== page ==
A perfect square number is obtained by the product of two same integers. More specifically, if we multiply an integer with itself then the resultant number will be a perfect square number. So the general form of a perfect square is r^{2} for some integer r. As 16=4^{2}, the number 16 is an example of a perfect square. In this section, we will learn about perfect square numbers.

Table of Contents

**Definition of Perfect Square**

Perfect square definition: A number is called a perfect square if its square root is a whole number. Note that the square root of a perfect square is an integer.

For example, the square root of 4 is 2. Since 2 is an integer, we can say that 4 is a perfect square. More examples of perfect squares: $9, 16, 25, 36, 49, 64, 81$ etc.

**Properties of Perfect Squares**

**•** From the definition, the square root of a perfect square is an integer.

**•** If $X$ is a perfect square, then we can express $X$ as $X=n^2$ for some natural number $n.$

**•** The square root of a perfect square must have unit digit $0, 1, 4, 5$ or $9.$

**•** The numbers ending with $2, 3, 6, 7$ or $8$ cannot be a perfect square number. Those numbers are called non-perfect square numbers.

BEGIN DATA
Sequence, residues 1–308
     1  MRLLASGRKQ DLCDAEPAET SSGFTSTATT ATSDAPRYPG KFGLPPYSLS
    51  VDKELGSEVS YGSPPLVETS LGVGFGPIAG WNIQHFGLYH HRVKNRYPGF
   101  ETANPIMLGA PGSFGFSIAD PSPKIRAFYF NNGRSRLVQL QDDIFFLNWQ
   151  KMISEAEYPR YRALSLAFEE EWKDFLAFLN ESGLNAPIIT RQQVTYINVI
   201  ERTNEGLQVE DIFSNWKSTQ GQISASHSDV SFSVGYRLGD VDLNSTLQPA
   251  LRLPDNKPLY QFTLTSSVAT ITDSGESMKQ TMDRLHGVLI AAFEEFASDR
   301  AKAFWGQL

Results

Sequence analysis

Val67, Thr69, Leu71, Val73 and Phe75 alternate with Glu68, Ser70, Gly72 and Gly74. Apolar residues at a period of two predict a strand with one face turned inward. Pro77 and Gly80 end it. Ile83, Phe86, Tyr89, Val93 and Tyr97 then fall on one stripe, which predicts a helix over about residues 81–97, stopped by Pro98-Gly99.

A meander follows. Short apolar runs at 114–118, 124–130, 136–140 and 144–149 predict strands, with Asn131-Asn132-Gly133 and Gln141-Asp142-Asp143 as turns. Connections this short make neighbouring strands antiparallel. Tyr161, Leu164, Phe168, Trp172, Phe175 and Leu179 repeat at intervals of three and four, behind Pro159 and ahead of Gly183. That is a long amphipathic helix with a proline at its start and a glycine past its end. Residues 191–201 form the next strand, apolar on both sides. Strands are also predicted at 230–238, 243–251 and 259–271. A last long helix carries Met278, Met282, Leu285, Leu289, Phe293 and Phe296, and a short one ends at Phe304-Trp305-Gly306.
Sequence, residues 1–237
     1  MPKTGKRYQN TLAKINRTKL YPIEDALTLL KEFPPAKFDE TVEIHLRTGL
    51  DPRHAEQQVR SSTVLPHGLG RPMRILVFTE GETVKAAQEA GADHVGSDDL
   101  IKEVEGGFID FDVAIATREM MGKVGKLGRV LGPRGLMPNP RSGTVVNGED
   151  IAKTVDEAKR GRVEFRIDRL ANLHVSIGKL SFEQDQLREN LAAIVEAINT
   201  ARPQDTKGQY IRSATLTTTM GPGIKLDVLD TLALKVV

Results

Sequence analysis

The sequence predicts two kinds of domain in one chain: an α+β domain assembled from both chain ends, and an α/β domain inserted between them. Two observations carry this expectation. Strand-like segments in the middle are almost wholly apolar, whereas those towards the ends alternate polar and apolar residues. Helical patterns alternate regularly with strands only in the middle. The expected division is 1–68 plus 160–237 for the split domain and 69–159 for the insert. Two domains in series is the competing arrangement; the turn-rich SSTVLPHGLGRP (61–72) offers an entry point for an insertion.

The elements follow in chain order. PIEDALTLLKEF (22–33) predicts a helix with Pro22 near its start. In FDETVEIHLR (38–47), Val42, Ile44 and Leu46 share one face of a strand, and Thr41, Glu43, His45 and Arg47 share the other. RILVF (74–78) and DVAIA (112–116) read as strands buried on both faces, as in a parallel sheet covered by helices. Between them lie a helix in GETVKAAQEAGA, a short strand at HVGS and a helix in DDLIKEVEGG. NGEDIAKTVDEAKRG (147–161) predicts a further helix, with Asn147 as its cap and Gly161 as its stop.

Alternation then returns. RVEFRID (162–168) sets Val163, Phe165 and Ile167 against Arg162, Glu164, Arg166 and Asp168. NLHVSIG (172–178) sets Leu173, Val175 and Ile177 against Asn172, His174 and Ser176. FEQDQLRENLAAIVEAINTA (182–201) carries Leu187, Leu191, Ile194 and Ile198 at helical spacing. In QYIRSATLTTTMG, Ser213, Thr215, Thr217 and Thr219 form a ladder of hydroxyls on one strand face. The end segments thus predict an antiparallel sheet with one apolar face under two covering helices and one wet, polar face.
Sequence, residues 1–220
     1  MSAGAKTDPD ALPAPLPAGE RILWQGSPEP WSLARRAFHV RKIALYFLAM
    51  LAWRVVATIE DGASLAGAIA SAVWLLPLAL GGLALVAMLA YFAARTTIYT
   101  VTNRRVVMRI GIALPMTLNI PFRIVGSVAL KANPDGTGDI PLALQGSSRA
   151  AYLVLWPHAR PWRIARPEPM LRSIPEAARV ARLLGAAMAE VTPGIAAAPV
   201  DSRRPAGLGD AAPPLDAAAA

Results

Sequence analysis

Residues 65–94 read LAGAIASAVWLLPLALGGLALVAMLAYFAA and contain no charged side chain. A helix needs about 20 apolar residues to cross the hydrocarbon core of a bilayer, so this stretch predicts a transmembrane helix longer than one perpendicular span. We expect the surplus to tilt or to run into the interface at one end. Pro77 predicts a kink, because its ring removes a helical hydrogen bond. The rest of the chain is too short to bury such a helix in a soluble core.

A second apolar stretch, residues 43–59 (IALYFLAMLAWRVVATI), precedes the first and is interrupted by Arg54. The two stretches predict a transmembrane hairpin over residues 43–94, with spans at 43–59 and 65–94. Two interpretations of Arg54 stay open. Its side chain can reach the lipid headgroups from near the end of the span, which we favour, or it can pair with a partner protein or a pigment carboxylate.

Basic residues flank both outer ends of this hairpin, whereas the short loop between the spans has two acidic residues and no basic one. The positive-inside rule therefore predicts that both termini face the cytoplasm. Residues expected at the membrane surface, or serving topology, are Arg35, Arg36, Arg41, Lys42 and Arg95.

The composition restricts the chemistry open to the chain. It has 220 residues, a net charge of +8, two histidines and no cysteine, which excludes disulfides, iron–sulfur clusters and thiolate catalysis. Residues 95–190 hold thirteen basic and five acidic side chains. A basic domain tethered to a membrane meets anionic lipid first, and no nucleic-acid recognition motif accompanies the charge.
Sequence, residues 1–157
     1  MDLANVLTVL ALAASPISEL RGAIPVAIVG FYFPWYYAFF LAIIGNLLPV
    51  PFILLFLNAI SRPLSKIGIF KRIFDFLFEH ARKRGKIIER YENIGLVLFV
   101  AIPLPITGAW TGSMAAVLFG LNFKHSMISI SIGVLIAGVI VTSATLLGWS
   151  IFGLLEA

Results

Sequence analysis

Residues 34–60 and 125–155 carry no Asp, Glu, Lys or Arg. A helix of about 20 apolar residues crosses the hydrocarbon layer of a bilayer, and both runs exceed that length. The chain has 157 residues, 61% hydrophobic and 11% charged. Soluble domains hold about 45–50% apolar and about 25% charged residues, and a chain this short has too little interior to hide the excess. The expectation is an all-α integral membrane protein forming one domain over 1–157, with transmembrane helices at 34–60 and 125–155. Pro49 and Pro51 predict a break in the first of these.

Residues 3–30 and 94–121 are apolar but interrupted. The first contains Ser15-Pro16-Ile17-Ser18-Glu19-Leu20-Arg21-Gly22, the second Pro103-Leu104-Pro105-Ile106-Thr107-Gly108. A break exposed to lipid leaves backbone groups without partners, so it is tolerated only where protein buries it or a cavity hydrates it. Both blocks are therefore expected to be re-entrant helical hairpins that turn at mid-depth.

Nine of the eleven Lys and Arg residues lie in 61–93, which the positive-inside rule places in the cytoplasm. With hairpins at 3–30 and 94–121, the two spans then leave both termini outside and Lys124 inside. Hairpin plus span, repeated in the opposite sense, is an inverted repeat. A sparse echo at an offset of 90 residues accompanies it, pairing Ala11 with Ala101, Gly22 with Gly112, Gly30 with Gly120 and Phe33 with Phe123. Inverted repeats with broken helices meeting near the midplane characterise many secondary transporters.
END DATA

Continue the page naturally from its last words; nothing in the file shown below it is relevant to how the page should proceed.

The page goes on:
**•** The square root of a non-perfect square is a quadratic surd. As $\sqrt{8}=2\sqrt{2}$ is not an integer, $8$ is an example of non-perfect square numbers, and the square root $\sqrt{8}$ is a quadratic surd.

**List of Perfect Squares**

Integer (n) | n ×n | Perfect square |

0 | 0×0=0 | 0 |

1 | 1×1=1 | 1 |

2 | 2×2=4 | 4 |

3 | 3×3=9 | 9 |

4 | 4×4=16 | 16 |

5 | 5×5=25 | 25 |

6 | 6×6=36 | 36 |

7 | 7×7=49 | 49 |

8 | 8×8=64 | 64 |

9 | 9×9=81 | 81 |

10 | 10×10=100 | 100 |

From the above table, we see that the perfect squares between 1 to 100 are the numbers $1, 4, 9, 16, 25, 36, 49, 64, 81$ and $100.$ So there are 10 perfect squares from 1 to 100.